The elevator doors closed.
“All right, Liz. Check this out.”
Liz had been having a hard time lately, and as her friend, I saw it as my duty to lift her spirits. Fortunately, I remembered her relating a random fancy of hers while we were gallivanting around town. Liz’s enthusiasm was—and is—infectious; her big brown eyes lit up as she spoke.
“Wouldn’t it be great if someone took off their shorts to reveal even shorter shorts beneath them? Like, they have on regular-sized shorts, and you think that’s it; but then they take them off and WHAM! Tiny shorts. I think that’d be thrilling.”
“Yeah, that’s an interesting idea,” I replied coolly, the tiny stenographer in my head typing away at hyperspeed.
I’ve been known to pull stunts in order to bring friends a glimmer of joy: dancing in a front lawn to H.E.R. in an inflatable T. rex costume, moussing my hair into horns and reciting from memory Jim Carrey’s Count Olaf monolog from A Series of Unfortunate Events, letting a friend draw on me in red-and-green marker a mustang with the words “FREE PONY RIDE” as a temporary tramp stamp. I’m not afraid to make myself into a spectacle for the purpose of entertainment. Some might even say I relish it.
In this case, I made sure to wait a few weeks for the short-term memory of Liz’s safe-for-work fantasy to clear. That morning, I put on my tiniest Daisy Dukes underneath a pair of nondescript mom jorts, chuckling to myself at my cleverness. There’s a secret surprise for my friend in my pants, I thought. Also maybe don’t put it that way.
As early evening rolled around, Liz passed by my desk.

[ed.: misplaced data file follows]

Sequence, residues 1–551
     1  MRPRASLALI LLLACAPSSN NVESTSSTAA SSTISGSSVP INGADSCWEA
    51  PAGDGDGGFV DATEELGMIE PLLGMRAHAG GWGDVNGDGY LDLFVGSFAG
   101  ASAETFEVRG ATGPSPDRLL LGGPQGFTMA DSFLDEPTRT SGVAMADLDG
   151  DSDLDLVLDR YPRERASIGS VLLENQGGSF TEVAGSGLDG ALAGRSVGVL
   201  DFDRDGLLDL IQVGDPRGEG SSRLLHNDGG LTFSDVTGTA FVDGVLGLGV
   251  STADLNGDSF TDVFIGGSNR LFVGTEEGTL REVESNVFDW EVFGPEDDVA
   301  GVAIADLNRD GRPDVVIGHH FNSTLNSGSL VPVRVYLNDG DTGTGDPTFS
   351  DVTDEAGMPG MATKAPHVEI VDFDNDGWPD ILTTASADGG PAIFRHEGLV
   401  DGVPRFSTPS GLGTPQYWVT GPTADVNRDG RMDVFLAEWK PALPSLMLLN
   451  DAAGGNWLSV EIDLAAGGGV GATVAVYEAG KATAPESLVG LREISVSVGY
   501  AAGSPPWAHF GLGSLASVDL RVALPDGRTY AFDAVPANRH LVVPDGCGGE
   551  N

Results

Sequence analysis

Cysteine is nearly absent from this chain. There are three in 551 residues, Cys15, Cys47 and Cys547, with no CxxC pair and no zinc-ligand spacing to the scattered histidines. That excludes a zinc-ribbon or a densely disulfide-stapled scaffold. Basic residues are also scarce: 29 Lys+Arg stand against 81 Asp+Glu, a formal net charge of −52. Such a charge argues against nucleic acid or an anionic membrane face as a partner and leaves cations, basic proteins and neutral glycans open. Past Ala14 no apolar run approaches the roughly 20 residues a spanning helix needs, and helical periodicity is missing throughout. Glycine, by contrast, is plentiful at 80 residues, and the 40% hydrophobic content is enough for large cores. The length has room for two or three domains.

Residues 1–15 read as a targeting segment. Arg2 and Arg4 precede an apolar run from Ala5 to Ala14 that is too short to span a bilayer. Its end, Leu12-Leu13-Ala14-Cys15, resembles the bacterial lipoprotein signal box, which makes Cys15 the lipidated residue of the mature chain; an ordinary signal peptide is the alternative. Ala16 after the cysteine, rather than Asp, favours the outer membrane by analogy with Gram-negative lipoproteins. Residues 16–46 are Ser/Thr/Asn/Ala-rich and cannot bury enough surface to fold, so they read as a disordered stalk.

“Okay, Thisi, I’m taking off.”
“Wait, let’s leave together! I’ll finish this up real quick.”
“Oh, uh….Yeah, okay.”
I had to be quick. I sent out an invoice with an unusually haphazard explanation of company policy, clocked out, and hurried off to meet her at the vast double doors out to the elevator lobby.
We complained about the usual frustrations with our clientele; the “per my last email” types of groans. The elevator announced its arrival to the twelfth floor with a ding. Liz and I stepped inside.
I grabbed my waistband and yanked it to my feet, a clownish grin shoving its way into my cheeks. I looked at Liz, who looked at my hips.
“Okay. That’s...your underwear.”
I looked down; the Daisy Dukes had hitched a ride with the mom shorts, gathering about my sneakers. I stood in my gray boxer briefs, mortified.
I couldn’t stop yelling “NO” as my hands rushed down to my ankles, grabbing desperately at the shorts; but they’d somehow become caught on my shoes, a phenomenon I can only explain as both pairs of shorts conspiring with my shoes to mock me. If denim could laugh, they’d have been in stitches. I pulled. The shorts stayed put.
The elevator dinged a second time as it opened its doors on the eighth floor, at which point my soul fully left my body. For a split-second, I met eyes with a human—let’s call them Kelly—sporting a sensible dress, shoulder-length hair, and a look of shock bordering on horror; I then went back to my forward fold, continuing to struggle with my shorts and scream. Liz spoke for the both of us.
“He’s having trouble with his shorts….You should just take the next elevator.”
Kelly may or may not have nodded; I was too busy fighting against gravity and prankster shorts to take note.
Somewhere between eighth floor and first, purgatory and hell, I managed to free both pairs of shorts from my shoes, stop screaming, and button back up the outermost shorts. I cleared my throat as we stepped out onto the main floor.
“I should probably explain what just happened.”
“Yeah, that’d be nice.”
These days, Liz and I look back on the incident and laugh; but I still can’t forget poor Kelly. From an outside perspective, and in spite of my flagrant gaiety, it probably seemed like we were about to engage in some sort of debauchery. Kelly, if you’re out there, and if you should ever happen to read this, please believe me: it was a botched attempt to surprise a friend. You did not almost see us boink.
Also I’m VERY sorry.
About the Creator
I'm your typical Portlander in a lot of ways. Queer, cheerfully nihilistic, trying to make a quiet name for myself in a big small town. My writing tends to be creepy and—let's hope—compelling. Beware; and welcome.